Conor O’Callaghan


Life
1968- ; b. Newry, Co. Down; issued The History of Rain (1993), winner of Patrick Kavanagh Award; Arts held Council bursaries in 1990 and 1994; m. Vona Groarke and winner with Groarke of the Rooney Prize Special Award in the 20th Year of the prize, 1996; made television documentary on cricket in Ireland; reviews poetry for Times Literary Supplement; Seatown (1999); dir. the Dún Laoghaire-Rathdown Poetry Now Festival; placed second in Blackwell Poetry Competition, 2002;
 
lived in Dundalk; appt. to Heimbold Chair of Irish Studies at Villanova Univ. (Philadelphia), 2004; taught at Wake Forest University, North Carolina; appt. to part-time post at Sheffield Hallam University, Manchester, 2007; settled in Manchester but continues to teach part-time at Wake Forest; awarded the Bess Hokin prize by Poetry magazine, 2007; issued Fiction (2005), which received the Poetry Book Society Recommendation.

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Works
Poetry collections
  • Seatown (Gallery 1999), 61pp.;
  • The History of Rain (Oldcastle: Gallery Press 1993), [q.pp.];
  • Fiction (Oldcastle: Gallery Press 2005), 80pp.
See also  “The Middle Ground”, poem in Times Literary Supplement (22 March 2002) [infra].
Criticism
  • ‘The State of Poetry’, Krino, Gerald Dawe & Jonathan Williams, eds., [Special Issue] (Winter 1993), pp.51-52 [‘The best Irish poets still seem those who work to solidify a unique voice, and their best poems are those which attempt, in vain, to pull that voice apart’];
  • review of George Szirtes, Reel, in Times Literary Supplement (20 May 2005), p.29;
  • ‘Minding His Language’, review of Liam Carson, Call Mother a Lonely Field, in The Irish Times (20 March 2010), Weekend.
Miscellaneous
  • Red Mist: Roy Keane and the Football Civil War (2004);
  • ‘The Dalkey Eleven: Conor O’Callaghan recalls the lengths he once went to for a game of cricket’, in Irish Times Magazine (16 July 2005) [infra];

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Commentary
Ian Gregson, review of The History of Rain (Gallery 1993), in Times Literary Supplement (23 Sept.1994), [q.p.]; ’the collisions that occur in the work of Conor O’Callaghan are not so much between cultures as between fact and fantasy, history and memory, experience and representation. He has clearly learned from the example of Paul Muldoon in the way he summons up a notion of the real but at the same time interrogates it with the hypothetical or the fabulatory, but what is remarkable is that such a young poet is the extent to which he has assimilated all this sophistication and made something of his own out of it. Title poem describes how poets great-uncle Johnny MacCabe and MacCabe’s mother experienced the late summer of rain of 1940, or the gap between that experience and how O’Callaghan imagines it. [&c.] Notes use of borders (e.g., ‘suddenly uncertain at the border of an even longer decade’); finds in O’Callaghan’s poems the lived experience of succeeding generations; concludes that postmodernism in Britain and Ireland is in a fruitful dialogue with realism.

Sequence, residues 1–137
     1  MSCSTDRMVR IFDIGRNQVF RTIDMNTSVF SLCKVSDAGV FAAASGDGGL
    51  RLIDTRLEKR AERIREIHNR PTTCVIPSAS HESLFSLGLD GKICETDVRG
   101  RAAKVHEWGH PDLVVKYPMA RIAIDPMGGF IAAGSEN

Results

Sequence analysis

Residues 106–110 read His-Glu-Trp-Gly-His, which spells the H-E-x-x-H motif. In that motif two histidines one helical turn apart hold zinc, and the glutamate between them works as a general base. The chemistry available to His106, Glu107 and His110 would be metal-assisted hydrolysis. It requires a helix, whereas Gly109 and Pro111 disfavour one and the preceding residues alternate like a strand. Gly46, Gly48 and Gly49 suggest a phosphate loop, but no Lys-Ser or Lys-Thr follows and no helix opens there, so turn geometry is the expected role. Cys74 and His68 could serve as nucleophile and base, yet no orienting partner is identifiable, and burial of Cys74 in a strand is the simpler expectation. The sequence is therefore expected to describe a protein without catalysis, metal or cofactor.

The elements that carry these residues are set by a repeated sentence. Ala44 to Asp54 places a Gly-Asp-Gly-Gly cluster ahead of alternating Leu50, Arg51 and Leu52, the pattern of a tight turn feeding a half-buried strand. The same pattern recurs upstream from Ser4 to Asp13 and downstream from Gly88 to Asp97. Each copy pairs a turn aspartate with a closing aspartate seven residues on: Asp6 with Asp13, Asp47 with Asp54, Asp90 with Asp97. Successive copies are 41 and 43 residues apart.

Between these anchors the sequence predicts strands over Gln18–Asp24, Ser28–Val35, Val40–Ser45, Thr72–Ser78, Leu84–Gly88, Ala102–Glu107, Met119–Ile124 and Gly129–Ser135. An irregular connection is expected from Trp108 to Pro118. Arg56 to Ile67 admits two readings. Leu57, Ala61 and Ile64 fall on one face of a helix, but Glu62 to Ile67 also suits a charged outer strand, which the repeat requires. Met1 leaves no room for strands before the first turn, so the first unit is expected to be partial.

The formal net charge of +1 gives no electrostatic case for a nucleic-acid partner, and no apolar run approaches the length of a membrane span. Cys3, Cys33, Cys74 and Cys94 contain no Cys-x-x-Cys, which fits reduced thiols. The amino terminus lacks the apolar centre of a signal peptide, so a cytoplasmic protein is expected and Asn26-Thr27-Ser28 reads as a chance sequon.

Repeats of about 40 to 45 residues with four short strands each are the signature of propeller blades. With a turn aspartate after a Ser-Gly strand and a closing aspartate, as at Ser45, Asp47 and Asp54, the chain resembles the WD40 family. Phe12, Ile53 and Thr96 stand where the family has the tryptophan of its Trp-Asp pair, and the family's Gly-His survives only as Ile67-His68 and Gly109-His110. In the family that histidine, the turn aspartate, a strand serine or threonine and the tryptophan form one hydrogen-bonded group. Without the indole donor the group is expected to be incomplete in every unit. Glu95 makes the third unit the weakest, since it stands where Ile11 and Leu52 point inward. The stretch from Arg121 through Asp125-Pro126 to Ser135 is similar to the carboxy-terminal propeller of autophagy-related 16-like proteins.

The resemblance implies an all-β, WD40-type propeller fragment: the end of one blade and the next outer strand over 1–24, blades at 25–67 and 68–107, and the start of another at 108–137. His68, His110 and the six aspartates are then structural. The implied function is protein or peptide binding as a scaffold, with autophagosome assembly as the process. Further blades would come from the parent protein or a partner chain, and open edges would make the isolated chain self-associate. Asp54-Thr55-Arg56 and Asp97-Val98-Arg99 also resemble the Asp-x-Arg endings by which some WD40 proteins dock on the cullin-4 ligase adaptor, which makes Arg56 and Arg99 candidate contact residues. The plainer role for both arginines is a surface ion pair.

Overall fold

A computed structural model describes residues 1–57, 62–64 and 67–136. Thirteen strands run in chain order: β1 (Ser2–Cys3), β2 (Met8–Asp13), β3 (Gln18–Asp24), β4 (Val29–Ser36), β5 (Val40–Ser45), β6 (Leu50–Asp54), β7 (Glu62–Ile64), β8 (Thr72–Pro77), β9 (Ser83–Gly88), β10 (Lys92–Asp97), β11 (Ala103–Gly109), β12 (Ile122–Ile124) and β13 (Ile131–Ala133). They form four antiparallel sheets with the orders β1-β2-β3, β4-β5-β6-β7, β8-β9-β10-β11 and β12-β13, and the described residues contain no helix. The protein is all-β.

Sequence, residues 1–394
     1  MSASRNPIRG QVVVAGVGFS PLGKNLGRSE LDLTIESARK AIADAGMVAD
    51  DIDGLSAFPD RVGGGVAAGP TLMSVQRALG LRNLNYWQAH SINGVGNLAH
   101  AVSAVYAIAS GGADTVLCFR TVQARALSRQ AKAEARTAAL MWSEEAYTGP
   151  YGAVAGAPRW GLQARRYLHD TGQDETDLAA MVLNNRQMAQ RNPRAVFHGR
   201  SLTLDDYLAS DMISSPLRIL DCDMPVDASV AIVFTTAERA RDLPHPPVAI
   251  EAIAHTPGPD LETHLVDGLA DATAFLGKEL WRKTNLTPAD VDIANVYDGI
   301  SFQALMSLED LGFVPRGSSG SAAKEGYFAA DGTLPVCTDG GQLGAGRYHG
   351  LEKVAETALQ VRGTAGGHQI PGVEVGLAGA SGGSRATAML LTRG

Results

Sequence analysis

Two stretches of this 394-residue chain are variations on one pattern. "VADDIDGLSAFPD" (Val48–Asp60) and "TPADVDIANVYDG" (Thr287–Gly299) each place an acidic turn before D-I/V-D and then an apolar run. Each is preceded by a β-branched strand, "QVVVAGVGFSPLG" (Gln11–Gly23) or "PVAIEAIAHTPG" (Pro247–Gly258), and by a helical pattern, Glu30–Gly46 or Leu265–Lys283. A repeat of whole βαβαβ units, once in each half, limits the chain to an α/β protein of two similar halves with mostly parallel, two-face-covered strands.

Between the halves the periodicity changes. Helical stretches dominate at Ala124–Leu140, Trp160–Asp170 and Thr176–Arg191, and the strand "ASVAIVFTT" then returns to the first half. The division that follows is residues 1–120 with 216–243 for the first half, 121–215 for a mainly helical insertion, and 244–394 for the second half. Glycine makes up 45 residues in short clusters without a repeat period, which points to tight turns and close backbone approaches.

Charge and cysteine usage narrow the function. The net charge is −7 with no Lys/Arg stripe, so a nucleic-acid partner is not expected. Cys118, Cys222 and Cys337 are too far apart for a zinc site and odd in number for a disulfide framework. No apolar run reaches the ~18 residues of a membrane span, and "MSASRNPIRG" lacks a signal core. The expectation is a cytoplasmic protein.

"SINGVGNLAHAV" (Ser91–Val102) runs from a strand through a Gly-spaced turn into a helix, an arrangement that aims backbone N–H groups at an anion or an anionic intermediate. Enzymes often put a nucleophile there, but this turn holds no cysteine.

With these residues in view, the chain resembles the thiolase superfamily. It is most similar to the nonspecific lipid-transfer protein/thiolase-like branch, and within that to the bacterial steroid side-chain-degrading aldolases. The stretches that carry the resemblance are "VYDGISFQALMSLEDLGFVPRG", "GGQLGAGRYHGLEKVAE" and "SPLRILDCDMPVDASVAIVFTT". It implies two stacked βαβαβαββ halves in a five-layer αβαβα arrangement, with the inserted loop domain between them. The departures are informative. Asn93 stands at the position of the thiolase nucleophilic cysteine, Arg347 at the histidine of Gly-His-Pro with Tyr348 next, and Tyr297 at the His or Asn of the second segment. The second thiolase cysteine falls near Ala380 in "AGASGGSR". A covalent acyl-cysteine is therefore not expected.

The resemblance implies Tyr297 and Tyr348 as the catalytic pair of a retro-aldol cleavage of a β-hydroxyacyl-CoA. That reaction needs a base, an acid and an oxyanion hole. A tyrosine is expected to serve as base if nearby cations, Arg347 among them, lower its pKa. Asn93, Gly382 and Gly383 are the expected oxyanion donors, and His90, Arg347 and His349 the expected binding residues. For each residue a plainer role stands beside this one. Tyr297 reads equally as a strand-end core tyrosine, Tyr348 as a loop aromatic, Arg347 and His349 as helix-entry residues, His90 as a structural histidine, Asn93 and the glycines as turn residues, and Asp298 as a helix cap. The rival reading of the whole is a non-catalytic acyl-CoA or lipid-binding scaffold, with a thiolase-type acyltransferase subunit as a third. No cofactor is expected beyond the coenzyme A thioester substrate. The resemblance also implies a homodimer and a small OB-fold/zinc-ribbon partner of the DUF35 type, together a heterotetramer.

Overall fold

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Peter Sirr, review of The History of Rain, in Irish Literary Supplement (Fall 1994): ‘thoughtfully constructed and unfussily articulated blocks of reflection’.

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Bernard O’Donoghue, ‘A Heritage in Excellent Heart’, review of Conor O’Callaghan, Fiction [inter al.], in The Irish Times (18 June 2005), Weekend, p.10: ‘In 1993 Adam Thorpe saluted Conor O’Callaghan’s The History of Rain, his first book of poems, published when he was 25, as displaying “an extraordinarily mature and exact voice which promises really great things”. Seatown, with its mythopoeic inventiveness, confirmed this judgment, and now Fiction enhances O’Callaghan’s reputation and is further proof of his versatile virtuosity. The concerns of the earlier books were very evident: they took a balanced central place between past and future, watching history being made, in the Mahon-like “The Gate Lodge” for example. There was more traditional Irish myth-making in “Johnny and The Good Room”. And most eye-catchihg was the caustic, raunchy wit of a poem like “The Oral Tradition”. / These circus animals are all put through their paces again in Fiction.’ (See full text, infra.)